The Complete Fairy Tales & Other Stories
By Hans Christian Andersen - online book

Oxford Complete Illustrated Edition all his stories written between 1835 and 1872.

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394                      THE HAPPY FAMILY
knew that! The forest was there for their sake, and the manor-house too, so that they might be boiled and laid on silver dishes.
They led a very retired and happy life, and as they them­selves were childless, they had adopted a little common snail, which they brought up as their own child. But the little thing would not grow, for it was only a common snail, though the old people, and particularly the mother, declared one could easily see how he grew. And when the father could not see it, she requested him to feel the little snail's shell, and he felt it, and acknowledged that she was right.
One day it rained very hard.
' Listen, how it's drumming on the burdock leaves, rum-dum-dum ! rum-dum-dum !' said the Father-Snail.
1 That's what I call drops,' said the mother. ' It's coming straight down the stalks. You'll see it will be wet here directly. I'm only glad that we have our good houses, and that the little one has his own. There has been more done for us than for any other creature ; one can see very plainly that we are the grand folks of the world ! We have houses from our birth, and the burdock forest has been planted for us : I should like to know how far it extends, and what lies beyond it.'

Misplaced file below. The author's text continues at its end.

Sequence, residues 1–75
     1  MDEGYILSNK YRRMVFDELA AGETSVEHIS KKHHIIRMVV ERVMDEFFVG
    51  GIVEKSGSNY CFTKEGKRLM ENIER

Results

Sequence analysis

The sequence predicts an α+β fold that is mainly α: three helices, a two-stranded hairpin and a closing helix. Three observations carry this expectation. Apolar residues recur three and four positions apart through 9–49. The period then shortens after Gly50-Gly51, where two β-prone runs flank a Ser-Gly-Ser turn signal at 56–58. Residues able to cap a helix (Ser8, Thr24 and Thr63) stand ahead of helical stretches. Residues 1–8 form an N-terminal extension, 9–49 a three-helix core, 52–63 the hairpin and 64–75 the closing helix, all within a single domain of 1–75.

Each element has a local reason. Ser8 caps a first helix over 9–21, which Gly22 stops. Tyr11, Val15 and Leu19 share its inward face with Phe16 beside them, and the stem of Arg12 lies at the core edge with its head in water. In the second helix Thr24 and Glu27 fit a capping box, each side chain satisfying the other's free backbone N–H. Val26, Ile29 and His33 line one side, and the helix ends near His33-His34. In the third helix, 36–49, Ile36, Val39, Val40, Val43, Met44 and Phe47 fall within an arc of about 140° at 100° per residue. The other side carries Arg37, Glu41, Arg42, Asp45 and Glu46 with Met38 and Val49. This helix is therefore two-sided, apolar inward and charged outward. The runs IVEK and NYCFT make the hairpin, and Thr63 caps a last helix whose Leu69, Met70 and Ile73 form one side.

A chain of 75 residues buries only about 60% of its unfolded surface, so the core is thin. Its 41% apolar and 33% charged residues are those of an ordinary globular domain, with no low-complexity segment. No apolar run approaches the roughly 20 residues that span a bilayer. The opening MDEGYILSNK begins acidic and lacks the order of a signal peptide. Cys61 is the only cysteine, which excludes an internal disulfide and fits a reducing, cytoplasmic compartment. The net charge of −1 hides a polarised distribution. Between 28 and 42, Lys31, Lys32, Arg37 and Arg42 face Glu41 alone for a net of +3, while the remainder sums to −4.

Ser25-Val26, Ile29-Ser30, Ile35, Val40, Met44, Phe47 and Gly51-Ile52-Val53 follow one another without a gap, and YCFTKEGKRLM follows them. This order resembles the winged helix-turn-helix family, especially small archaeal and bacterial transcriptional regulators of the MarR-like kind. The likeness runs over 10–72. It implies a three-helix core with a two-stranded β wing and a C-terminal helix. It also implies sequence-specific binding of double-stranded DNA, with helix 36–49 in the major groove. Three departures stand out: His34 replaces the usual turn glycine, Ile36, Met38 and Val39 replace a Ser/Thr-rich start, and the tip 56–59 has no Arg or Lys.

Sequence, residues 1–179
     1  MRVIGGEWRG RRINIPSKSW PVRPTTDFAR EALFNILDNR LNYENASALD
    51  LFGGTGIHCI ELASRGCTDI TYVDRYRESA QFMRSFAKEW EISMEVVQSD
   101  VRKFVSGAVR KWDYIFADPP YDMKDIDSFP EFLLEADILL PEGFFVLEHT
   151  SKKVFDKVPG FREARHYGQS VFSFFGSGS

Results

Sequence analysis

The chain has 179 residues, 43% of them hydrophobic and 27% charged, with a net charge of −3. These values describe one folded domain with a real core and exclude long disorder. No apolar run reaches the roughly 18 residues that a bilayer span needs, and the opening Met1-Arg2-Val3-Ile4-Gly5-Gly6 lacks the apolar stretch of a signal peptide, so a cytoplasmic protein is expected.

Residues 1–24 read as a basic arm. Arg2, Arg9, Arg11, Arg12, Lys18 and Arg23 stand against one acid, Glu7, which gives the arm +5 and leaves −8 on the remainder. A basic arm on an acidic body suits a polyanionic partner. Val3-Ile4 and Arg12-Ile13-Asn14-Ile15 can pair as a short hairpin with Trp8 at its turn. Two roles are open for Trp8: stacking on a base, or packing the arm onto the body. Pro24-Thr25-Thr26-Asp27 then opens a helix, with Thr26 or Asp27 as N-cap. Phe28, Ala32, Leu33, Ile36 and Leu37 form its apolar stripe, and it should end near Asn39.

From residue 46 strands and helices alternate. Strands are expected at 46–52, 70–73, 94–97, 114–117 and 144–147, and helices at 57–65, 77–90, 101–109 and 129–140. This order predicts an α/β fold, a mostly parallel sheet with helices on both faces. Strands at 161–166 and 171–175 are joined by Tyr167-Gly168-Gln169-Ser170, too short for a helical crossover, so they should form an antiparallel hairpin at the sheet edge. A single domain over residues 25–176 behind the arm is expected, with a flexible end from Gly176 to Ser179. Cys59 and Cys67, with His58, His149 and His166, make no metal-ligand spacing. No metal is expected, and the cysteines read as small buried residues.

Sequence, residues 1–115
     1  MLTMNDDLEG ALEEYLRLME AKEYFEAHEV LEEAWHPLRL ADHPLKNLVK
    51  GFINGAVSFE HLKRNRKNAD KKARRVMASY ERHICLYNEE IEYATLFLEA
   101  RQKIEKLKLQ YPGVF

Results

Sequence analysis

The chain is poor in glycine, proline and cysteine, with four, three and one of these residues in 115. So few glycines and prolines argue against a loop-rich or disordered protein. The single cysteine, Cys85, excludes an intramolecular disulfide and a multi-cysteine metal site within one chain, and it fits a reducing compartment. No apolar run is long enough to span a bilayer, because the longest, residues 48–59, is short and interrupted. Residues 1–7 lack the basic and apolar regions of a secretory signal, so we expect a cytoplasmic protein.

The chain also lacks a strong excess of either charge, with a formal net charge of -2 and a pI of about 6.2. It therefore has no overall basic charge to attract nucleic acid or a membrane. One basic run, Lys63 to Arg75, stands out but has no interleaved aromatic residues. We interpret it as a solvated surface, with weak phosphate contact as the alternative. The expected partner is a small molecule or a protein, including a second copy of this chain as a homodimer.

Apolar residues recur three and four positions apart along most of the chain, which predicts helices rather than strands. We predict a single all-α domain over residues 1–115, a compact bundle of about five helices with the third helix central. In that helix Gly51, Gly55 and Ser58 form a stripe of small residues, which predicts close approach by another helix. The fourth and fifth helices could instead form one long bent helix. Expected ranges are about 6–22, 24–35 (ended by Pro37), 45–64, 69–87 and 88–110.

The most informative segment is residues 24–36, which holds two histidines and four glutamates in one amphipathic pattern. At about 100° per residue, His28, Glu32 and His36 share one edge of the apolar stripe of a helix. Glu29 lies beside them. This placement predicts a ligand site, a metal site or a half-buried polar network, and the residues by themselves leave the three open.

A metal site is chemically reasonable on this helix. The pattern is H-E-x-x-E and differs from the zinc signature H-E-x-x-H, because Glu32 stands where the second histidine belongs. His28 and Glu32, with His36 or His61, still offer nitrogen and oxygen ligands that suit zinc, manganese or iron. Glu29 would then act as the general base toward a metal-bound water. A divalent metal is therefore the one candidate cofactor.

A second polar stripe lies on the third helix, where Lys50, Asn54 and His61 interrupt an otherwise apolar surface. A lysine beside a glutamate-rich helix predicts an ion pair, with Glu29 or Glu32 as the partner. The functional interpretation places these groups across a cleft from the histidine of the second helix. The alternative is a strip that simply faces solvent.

' There 's nothing outside of it,' said the Father-Snail, ' no place can be better than here at home ; I have nothing at all to wish for.'
' Yes,' said the mother, ' I should like to be taken to the manor-house and boiled, and laid upon a silver dish ; that has been done to all our ancestors, and you may be sure it's quite a distinguished honour.'
* The manor-house has perhaps fallen in,' said the Father-Snail, ' or the forest of burdocks may have grown over it, so that the people can't get out at all. You need not be in a hurry—but you always hurry so, and the little one is beginning just the same way. Has he not been creeping up that stalk these three days ? My head quite aches when I look up at him.'
1 You must not scold him,' said the Mother-Snail. ' He crawls very deliberately. We shall have much joy in him ; and we old people have nothing else to live for. But have you ever thought where we shall get a wife for him ?